Human rights concerns in Egypt prompt ‘step-change’ in UK government attitude
Foreign Office concerns over Egypt’s human rights record have led to a “step-change” in the UK’s approach to that government, according to a new FCO human rights report.
The shift comes days after Foreign Secretary Boris Johnson sparked surprise when he insisted at a press conference with US Secretary of State John Kerry that a “burgeoning crisis” in Egypt was now a priority for the UK.
In series of updates to the FCO’s annual human rights report released yesterday, the UK government described how in the first half of 2016, “the human rights situation in Egypt continued to deteriorate”, with death sentences handed down to several journalists; prevalent police torture – including in the case of Italian student Giulio Regeni; and “lengthy proceedings and delays” in the mass trial of Ibrahim Halawa, an Irish juvenile who faces a potential death sentence.
The report said there had been “a step-change in our approach” to the government of President Sisi, “commensurate with our growing concern” over abuses that included “torture, police brutality and enforced disappearance.” Britain has previously faced criticism for supporting President Sisi’s rule, particularly during his visit to the UK last year, and what the FCO described as “a strong security partnership.” According to the new report, the UK has recently asked the UN Human Rights Council to focus its attention on Egypt.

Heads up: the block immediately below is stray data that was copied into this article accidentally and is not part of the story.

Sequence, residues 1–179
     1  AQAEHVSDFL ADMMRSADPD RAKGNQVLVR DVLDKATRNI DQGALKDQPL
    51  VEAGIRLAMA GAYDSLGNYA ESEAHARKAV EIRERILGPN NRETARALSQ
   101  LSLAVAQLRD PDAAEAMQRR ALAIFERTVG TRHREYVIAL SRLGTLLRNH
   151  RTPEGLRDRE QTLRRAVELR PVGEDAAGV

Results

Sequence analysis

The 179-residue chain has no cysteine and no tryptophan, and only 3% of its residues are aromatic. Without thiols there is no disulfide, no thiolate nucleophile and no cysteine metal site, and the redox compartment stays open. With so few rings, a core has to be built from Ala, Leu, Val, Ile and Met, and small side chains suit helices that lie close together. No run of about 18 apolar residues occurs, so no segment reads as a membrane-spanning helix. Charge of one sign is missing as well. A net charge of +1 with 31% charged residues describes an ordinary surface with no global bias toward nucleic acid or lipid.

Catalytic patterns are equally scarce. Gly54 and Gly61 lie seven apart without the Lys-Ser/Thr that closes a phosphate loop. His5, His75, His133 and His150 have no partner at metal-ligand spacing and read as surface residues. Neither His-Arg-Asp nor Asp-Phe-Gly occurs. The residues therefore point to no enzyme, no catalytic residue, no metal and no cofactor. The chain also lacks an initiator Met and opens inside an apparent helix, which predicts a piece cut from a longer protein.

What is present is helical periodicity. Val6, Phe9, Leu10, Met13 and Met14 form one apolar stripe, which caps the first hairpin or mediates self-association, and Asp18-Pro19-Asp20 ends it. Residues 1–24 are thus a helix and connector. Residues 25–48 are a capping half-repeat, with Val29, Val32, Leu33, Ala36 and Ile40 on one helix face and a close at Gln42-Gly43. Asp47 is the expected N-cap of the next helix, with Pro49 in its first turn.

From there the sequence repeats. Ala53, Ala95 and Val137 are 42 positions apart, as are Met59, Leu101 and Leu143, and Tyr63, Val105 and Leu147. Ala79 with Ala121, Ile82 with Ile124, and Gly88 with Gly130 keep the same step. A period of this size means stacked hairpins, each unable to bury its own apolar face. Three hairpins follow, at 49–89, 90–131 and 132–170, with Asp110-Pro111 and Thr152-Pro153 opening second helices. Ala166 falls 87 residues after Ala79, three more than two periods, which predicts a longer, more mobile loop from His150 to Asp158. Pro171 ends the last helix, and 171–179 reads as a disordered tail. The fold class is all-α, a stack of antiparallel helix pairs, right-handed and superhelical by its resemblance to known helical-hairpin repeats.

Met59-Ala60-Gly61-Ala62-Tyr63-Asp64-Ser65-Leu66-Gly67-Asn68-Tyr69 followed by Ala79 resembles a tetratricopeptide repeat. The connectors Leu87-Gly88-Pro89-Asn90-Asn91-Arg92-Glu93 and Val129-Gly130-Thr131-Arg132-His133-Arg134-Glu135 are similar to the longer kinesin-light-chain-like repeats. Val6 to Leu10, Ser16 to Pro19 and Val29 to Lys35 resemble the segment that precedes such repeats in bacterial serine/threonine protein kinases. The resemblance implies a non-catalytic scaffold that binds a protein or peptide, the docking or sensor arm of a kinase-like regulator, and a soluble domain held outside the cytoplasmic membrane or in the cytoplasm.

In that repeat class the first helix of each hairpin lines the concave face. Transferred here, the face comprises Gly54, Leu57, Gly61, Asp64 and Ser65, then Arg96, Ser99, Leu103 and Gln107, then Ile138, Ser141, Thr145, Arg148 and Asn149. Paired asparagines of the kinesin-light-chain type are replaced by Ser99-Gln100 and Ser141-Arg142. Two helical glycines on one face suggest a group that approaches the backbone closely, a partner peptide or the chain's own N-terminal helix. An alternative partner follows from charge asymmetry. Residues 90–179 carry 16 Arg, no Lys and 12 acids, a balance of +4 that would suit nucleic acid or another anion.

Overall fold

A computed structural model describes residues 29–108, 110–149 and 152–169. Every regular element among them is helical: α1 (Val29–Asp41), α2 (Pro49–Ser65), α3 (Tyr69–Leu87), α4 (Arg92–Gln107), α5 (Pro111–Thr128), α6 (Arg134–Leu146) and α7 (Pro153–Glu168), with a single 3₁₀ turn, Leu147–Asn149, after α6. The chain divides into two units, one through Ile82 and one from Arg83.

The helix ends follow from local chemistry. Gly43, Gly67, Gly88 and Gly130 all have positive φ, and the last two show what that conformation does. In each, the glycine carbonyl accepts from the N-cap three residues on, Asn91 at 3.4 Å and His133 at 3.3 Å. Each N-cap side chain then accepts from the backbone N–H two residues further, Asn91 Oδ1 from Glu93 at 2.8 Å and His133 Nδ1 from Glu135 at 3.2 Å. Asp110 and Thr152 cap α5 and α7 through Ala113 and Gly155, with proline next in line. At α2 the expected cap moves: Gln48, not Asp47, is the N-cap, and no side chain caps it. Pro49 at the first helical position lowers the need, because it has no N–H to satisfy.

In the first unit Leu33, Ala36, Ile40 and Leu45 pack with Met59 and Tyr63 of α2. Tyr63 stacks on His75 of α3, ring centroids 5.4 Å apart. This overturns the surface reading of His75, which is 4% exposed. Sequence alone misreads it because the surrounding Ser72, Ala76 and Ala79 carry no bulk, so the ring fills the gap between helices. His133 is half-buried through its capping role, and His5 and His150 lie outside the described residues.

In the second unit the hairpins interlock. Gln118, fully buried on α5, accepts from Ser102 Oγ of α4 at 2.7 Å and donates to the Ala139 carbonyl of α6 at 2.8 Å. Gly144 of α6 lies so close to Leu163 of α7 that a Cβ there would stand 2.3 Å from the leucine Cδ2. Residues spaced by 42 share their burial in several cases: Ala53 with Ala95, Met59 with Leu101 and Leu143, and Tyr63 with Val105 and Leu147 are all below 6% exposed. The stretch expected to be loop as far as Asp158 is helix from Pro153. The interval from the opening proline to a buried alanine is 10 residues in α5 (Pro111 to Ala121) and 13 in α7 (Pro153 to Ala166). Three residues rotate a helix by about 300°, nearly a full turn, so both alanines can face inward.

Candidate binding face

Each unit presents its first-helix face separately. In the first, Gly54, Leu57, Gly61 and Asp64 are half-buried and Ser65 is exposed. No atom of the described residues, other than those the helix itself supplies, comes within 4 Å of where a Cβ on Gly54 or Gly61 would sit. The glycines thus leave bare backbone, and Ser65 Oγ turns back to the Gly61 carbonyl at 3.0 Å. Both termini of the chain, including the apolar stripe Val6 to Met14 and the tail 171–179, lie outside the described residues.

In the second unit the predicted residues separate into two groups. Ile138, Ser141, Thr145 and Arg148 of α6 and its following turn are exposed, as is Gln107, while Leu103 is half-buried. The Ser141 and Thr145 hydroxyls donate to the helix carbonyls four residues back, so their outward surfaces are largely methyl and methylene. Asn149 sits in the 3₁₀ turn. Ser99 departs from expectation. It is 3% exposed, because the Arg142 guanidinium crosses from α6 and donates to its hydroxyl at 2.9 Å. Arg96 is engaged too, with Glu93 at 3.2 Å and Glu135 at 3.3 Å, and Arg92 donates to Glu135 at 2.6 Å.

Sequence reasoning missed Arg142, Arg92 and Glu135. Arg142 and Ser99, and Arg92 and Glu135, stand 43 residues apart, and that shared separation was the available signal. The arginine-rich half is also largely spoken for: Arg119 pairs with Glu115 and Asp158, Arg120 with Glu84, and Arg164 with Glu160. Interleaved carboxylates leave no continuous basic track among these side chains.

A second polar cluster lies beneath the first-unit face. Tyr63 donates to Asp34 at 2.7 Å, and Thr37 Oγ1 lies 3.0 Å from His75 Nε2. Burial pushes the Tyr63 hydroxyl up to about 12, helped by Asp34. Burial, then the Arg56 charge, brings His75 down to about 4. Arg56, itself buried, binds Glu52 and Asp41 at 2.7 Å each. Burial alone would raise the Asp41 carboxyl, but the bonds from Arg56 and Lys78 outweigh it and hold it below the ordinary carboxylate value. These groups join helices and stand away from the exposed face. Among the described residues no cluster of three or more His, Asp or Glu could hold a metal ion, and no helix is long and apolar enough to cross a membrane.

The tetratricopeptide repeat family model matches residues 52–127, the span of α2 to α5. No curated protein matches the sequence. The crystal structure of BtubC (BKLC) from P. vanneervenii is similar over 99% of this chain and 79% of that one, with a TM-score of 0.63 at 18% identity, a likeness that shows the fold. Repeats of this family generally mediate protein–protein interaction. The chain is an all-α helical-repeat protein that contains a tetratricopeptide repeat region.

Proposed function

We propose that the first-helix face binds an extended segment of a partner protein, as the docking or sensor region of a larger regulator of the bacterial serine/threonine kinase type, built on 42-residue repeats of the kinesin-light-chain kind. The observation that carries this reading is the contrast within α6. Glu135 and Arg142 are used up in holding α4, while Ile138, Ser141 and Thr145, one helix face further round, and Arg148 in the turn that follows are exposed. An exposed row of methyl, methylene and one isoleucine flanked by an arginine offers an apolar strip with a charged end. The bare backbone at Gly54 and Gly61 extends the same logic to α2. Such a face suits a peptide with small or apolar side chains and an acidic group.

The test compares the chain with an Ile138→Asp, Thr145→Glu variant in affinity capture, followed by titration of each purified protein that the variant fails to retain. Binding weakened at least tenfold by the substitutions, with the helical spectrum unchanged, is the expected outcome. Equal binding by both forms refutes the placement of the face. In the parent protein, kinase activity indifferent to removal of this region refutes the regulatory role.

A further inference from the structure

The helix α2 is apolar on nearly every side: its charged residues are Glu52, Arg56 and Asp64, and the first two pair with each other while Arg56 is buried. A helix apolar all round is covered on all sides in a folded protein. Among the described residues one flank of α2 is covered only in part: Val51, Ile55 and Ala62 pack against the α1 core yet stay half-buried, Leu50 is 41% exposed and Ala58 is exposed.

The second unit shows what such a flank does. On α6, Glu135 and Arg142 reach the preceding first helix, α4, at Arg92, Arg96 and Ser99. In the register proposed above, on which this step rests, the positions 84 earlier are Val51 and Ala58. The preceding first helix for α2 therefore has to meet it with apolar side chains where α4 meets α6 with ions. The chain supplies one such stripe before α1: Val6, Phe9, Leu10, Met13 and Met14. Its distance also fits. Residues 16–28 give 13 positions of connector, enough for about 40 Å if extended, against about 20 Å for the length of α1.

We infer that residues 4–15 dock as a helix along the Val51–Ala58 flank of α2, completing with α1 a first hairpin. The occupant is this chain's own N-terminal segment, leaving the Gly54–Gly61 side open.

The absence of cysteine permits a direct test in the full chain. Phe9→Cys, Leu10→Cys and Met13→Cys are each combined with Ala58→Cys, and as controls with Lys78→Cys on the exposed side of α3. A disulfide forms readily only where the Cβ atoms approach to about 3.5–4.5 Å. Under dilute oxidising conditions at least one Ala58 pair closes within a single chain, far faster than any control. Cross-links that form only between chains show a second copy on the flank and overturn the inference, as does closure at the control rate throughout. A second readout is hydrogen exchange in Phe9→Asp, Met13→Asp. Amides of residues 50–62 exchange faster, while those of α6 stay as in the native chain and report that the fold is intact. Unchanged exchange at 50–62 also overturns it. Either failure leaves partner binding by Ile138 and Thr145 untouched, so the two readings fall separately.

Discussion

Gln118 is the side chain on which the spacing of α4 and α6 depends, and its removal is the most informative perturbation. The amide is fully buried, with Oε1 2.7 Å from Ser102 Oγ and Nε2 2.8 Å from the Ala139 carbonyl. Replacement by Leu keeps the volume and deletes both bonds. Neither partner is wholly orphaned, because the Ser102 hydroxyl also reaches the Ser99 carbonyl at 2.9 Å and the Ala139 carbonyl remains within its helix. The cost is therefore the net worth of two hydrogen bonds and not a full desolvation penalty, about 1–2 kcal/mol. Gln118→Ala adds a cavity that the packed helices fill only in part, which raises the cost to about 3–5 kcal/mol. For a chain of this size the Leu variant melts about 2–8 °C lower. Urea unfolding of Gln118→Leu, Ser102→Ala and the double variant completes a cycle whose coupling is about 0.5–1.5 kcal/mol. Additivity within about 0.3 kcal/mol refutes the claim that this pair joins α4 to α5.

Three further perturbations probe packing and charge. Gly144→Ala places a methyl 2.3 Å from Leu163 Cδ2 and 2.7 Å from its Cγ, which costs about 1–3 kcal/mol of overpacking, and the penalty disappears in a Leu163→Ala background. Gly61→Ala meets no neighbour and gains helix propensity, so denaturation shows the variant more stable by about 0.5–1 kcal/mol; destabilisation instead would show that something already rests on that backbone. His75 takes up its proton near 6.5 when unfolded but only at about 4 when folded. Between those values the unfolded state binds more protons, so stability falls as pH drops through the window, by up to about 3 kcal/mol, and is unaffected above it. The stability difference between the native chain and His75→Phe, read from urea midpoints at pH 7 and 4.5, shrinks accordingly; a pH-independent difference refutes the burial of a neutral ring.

Parliament’s Foreign Affairs Select Committee (FAC) is currently conducting an inquiry into the Foreign Office’s human rights work overseas, and in Egypt has focused on Ibrahim Halawa as a case study. Mr Halawa, who was a juvenile when he was arrested in 2013 in the wake of protests, faces the death penalty alongside 493 others, in a mass trial that has been repeatedly postponed. He has reported both suffering and witnessing torture throughout his detention.
Speaking in April, the head of the FAC, Crispin Blunt MP, said that “designation of a country on list sends an important message to countries with poor human rights records”, and criticised the FCO for initially failing to include Egypt on the list. The FCO subsequently added Egypt.
Maya Foa, director of the death penalty team at human rights organization Reprieve, which assists Ibrahim Halawa, said: “It’s welcome to see the government stepping up the pressure on Egypt, which has seen a huge wave of repression under President Sisi. This ‘step-change’ in the FCO‘s approach couldn’t come soon enough, given the countless reports of torture, disappearances, death sentences, and mass trials in Egypt – including in relation to juveniles like Ibrahim Halawa. Sisi must take note, and bring an end to these terrible abuses – this also means releasing Ibrahim and the many other prisoners like him.”